Learning from China: three lessons for the ignorant West
Diego Gilardoni says after years of ignorance, the Western political and business elite need to understand that some Chinese cultural traits – such as longer-term, holistic thinking – can help open new frontiers and opportunities
There is only one thing more staggering than China’s mind-blowing economic metamorphosis in the past few decades. It is the still widespread ignorance about China among Western political and business elites. We live in a multipolar and complex world, in which China is becoming an indispensable player, but too many still think through a Western-centric and simplistic mental framework that is still rooted in the 20th century and therefore does not meet today’s challenges.
China’s increasing clout on the global stage is met with a combination of fascination, awe, concern and sometimes outright fear, and rare are those who make a serious effort to understand China and try to see the world through its cultural prism. This is a serious mistake, because understanding Chinese culture has become indispensable for anyone interested in making sense of a hyper-complex world where China plays an increasingly crucial role.
Learning about Chinese cultural values is not just paramount to understanding the reasons behind China’s behaviour; the West could actually learn a great deal from China, whose system of thinking is, at least to some extent, better prepared to tackle the challenges of our “age of complexity”.
For example, while in the West a short-termist mentality prevails that is the root of both economic and political ills (from the financial crisis of 2008 to the transformation of democracies into inefficient “vetocracies”), Chinese culture is oriented to the longer term. Holding a long-term perspective allows you to have a clearer perspective on things, therefore reducing the risk of rushing into decisions without considering the wider context.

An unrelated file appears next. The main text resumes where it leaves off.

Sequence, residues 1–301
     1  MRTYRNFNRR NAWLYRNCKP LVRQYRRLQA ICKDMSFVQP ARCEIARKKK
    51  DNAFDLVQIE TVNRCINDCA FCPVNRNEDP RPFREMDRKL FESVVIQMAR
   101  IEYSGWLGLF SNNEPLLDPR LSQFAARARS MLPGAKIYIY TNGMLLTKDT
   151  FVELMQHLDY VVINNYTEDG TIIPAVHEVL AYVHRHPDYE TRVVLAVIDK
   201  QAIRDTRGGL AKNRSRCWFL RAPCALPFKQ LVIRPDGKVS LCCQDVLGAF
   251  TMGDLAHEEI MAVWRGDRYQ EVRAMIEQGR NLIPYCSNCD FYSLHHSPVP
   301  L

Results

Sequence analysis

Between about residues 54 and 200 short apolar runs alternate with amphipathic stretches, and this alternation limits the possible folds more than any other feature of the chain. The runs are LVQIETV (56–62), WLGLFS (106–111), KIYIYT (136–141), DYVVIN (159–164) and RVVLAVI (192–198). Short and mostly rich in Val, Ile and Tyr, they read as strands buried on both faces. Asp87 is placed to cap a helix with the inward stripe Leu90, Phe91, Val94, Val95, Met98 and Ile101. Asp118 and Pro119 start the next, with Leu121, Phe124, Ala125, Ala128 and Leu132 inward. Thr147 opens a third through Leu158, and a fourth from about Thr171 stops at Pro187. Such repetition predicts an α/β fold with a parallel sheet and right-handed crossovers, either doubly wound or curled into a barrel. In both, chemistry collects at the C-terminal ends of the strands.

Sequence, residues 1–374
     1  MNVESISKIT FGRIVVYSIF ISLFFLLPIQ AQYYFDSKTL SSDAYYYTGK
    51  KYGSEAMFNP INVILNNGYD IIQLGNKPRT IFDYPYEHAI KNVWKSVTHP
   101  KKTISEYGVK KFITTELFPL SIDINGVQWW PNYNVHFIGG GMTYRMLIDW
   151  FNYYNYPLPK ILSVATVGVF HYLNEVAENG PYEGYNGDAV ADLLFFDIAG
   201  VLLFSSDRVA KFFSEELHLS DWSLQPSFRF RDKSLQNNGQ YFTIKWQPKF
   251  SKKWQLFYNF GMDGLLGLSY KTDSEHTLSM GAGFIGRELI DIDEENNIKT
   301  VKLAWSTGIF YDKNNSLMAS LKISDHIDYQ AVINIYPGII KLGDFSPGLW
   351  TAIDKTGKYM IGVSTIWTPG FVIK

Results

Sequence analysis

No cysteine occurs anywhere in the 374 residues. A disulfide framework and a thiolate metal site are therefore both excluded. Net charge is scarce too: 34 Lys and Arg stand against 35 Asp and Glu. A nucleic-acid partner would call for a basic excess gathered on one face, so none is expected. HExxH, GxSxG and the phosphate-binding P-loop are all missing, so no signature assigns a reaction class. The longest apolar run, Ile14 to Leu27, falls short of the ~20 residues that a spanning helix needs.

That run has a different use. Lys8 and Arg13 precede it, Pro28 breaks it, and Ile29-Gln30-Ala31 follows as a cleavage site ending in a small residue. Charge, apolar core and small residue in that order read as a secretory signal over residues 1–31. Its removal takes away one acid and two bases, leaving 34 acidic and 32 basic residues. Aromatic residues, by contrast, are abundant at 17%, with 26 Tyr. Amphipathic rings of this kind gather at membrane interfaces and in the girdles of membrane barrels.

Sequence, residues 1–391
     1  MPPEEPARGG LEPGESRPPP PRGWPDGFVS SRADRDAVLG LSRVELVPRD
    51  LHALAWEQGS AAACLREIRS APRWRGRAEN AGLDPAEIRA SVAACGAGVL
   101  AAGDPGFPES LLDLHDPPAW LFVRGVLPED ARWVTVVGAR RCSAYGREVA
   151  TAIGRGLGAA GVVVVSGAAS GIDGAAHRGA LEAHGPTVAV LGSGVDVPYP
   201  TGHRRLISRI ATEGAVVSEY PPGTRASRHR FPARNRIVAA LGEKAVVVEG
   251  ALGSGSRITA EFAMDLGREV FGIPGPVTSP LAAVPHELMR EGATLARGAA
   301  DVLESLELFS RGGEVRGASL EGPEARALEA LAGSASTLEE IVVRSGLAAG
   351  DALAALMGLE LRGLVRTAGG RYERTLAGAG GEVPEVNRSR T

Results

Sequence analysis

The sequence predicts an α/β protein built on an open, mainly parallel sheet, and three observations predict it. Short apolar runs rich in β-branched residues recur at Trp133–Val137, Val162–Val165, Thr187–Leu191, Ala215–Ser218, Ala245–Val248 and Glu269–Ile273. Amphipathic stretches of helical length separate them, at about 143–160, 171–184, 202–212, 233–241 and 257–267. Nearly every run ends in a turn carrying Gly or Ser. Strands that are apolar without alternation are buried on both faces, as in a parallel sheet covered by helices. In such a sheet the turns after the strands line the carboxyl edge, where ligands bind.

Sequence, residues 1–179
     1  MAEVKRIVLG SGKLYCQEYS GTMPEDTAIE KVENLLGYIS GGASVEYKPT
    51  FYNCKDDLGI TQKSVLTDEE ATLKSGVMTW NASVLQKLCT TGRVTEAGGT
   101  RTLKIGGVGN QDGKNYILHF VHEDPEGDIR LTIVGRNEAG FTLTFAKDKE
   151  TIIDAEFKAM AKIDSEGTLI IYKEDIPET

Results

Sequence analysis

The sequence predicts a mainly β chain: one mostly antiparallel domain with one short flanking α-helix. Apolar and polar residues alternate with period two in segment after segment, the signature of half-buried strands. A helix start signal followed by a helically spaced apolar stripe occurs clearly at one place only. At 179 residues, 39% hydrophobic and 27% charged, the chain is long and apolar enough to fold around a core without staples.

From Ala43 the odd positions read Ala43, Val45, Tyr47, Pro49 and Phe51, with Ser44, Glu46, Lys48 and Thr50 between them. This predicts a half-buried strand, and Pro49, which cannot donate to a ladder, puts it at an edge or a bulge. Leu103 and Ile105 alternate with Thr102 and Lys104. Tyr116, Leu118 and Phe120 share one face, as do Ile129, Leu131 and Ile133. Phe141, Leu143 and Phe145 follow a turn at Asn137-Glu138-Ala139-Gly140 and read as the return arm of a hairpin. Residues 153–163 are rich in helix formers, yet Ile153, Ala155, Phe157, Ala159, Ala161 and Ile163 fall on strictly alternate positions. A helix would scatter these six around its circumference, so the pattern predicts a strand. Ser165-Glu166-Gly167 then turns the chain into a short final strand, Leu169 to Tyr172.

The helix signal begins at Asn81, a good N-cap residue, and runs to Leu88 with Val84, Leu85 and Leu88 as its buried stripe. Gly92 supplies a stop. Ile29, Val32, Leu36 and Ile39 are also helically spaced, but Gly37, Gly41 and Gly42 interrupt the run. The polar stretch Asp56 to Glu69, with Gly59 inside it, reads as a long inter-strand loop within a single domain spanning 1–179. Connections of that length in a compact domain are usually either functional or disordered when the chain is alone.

The long-term orientation of China is reinforced by the Daoist principle, according to which the only unchanging law of the universe is constant change. For the Chinese, things will always change and what is bad today could turn out to be good, just as much as a loss could turn out to be a gain in the future. This is why in China it’s always the context that matters.
All of this plays out in the global success of many Chinese companies that are able to integrate in a pragmatic way their short-term objectives into a long-term strategy. But maybe the best example of Chinese long-term orientation is the Belt and Road Initiative, China’s vision for a new Silk Road that, if successful, is set to reshape global trade in the coming decades. An economic and geostrategic project of such historical proportions could not have been devised by a Western government used to focusing more on the next elections than on the next generations.
A second aspect of China’s culture that differentiates it radically from the West is the way the Western mind focuses on things while the Chinese mind focuses on relations between things. In the Western tradition, we are used to thinking analytically: in order to make sense of the whole, we need first to analyse the parts separately. The Chinese way is completely different. The Chinese think holistically, meaning they don’t separate the parts from the whole, because the whole is not made of the combination of the parts but of the relations between them.
This difference in thinking patterns is reflected very clearly in the difference between Western and Chinese medicine. The latter treats a disease by regulating the whole body and not just a single part of it, because any problem in a specific part of the body is considered to be a local reflection of imbalance of the whole body.